Author Topic: An Adult Should Really Know This - Silly Things You've Had to Tell People  (Read 332145 times)

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Tea Drinker

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This was a teen, not an adult, but still:

My brother had some friends over.  My mom made veal parmesan.  One of the girls didn't know what that was:

Mom: Veal?  You know?

Girl: *blank stare*

Mom: Veal is baby cow.  You know, like lamb is baby sheep?

Girl: People eat sheep?

I was almost going to say in this thread that I wonder how anyone with two brain cells cannot understand where food comes, even without being told it. I never remember being told, it was so clear, we would eat chicken and pig and so on, and you know they are animals too. But then I started to wonder the English language, and how there is beef and pork and so on. I'm not a native speaker, but I've understood that these terms are usually used about meat, not really as "oh, there is the pork walking around, saying oink". So maybe it's not as clear if your mother says it's going to be pork today compared to if she would say it's going to be pig today.

On the other hand :D I do remember a friend who claimed to hate fish, yet ate canned tuna fish with good appetite because she did not realize it was fish... So maybe my theory is totally wrong :D

On different topic, I had to tell an adult female that getting her tubes tied would not stop her having periods.

In my area I'd not be that surprised someone didn't know what lamb was.  It's uncommon enough that someone might never have the opportunity to eat it.  Not every store sells lamb and those that do either have 5 lbs of ground lamb to 500 lb of beef or a ethnic/regional import/specialty shops.   

In the places I've lived, I can generally get lamb as chops, and sometimes leg of lamb, other parts sold for stew, or lamb steaks, but ground lamb is hard to find. For a while the supermarket near me had it quite cheap--I guessed that they were doing their own butchering, and decided that $1.50/pound for ground lamb was more profit than throwing it away. I tried it first because it was cheap, and we both liked it. Where I live now I have to go out of the way to get ground lamb, but lamb chops are still readily available.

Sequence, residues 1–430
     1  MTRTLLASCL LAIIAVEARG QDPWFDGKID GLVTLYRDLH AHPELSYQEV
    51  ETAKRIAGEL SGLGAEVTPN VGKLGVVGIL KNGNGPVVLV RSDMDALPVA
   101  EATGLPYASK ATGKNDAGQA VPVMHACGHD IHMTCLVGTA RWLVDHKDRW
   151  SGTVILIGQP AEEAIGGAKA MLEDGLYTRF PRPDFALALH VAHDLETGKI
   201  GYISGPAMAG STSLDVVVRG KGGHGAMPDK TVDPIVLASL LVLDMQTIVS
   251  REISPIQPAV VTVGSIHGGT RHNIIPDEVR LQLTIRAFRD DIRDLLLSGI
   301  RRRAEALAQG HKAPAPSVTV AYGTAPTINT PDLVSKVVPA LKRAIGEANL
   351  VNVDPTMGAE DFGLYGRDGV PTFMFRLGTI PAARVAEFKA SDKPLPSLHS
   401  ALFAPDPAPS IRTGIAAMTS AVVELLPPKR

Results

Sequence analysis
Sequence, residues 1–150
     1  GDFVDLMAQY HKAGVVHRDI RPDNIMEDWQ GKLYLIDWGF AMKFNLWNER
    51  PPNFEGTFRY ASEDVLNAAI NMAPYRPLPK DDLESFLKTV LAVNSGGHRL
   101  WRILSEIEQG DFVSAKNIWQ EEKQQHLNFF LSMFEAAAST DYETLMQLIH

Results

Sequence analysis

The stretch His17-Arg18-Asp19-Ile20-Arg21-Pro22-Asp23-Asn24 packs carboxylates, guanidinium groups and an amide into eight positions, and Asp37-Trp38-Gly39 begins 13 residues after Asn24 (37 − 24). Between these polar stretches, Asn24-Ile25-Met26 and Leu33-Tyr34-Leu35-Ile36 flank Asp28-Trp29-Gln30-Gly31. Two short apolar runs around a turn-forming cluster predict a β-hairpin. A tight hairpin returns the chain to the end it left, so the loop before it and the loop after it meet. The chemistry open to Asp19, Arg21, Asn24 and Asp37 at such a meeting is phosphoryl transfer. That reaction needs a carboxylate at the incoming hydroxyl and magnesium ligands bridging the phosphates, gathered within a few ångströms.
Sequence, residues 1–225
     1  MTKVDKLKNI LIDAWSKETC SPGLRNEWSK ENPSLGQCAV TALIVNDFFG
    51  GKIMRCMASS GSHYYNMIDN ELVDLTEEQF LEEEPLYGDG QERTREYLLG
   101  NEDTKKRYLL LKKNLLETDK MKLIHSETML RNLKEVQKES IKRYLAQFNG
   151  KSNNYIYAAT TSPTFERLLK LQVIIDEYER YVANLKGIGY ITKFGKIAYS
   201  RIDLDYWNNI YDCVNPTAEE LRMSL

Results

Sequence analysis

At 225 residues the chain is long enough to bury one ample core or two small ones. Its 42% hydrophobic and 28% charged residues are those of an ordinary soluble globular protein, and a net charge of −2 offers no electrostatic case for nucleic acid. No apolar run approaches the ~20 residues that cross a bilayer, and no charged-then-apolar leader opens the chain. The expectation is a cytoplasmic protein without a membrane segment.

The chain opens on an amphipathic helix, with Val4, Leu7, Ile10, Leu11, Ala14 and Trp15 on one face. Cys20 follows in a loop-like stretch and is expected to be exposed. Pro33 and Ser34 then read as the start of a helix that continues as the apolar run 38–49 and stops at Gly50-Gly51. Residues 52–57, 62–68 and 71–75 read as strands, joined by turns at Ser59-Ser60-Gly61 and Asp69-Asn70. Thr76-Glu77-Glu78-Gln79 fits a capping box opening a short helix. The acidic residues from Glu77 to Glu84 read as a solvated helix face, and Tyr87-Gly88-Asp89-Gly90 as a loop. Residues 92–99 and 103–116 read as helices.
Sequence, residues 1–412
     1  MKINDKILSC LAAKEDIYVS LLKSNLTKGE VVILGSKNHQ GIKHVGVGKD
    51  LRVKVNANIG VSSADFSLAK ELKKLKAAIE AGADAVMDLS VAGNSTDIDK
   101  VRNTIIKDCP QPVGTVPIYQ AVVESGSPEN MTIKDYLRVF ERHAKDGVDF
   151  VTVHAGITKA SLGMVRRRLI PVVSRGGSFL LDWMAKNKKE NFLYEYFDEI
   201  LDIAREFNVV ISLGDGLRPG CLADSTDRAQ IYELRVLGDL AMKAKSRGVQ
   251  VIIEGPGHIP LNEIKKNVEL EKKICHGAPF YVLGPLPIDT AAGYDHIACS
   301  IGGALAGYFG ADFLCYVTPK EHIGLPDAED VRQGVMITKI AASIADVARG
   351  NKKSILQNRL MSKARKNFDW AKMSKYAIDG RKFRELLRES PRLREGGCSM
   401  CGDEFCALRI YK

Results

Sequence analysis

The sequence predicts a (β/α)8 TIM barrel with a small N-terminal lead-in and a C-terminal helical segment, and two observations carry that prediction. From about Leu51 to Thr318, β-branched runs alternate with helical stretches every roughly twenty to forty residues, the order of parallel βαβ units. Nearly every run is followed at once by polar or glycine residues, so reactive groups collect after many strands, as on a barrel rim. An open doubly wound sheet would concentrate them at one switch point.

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Venus193

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Ground lamb is easy to get in Greek neighborhoods because Greeks make excellent burgers out of it.  I wish I knew the spice blend they use for it because this is one of the few ways I eat lamb.

Browyn

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We had lamb for easter, I used this recipie, except I substituted garlic powder since that was what I had on hand:

http://www.food.com/recipe/roasted-leg-of-lamb-bone-in-301238

It was wonderful


cabbageweevil

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"Quixotic" is one of my favorite words in Scrabble.
Superb word for the game, with its q and x.  Another potentially wonderful one for the purpose, is the local (taken into English) word for the Mexican hairless dog -- Xoloitzcuintle. One day my brother -- with a lot of time on his hands -- figured out a situation in which that word could actually happen in a game of Scrabble -- getting a phenomenal score.

cabbageweevil

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Thanks jpcher -- all is clear now !

Some Brits are serious, about an issue akin to the one re which your lady was jesting. They consider that people who pronounce the name of the tilting-at-windmills chap, in the correct Spanish way -- "Don Kee-hoat-ay" -- are off-puttingly parading what expert linguists and general culture-vultures they are. The British-isolationist view is that in Britain, the novel's hero should jolly well be mispronounced English-wise, as "Don Kwick-soat".  Afetr all, we've thought up an adjective, "quixotic" (English pronunciation) -- "acting like Don Q".

Well, I've learned something new. I was aware of the word "quixotic" and what it meant, but I've only seen it in writing and always assumed that it was pronounced kee-hoe-tic since it is derived from Don "kee-hoe-tay". (I don't think I've ever heard someone seriously pronounce Don Quixote as Don Kwick-soat, although granted, I don't have all that many conversations about Don Quixote.  ;)) But sure enough, I went to look at the dictionary entry for quixotic and the only pronunciation listed is kwick-sa-tic.

There's an item of English light verse which I recall (tried to Google it, but no luck), a stanza of which begins:

"Quixotic boys who look for joys,
 Quixotic hazards run..."

Margo

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Thanks jpcher -- all is clear now !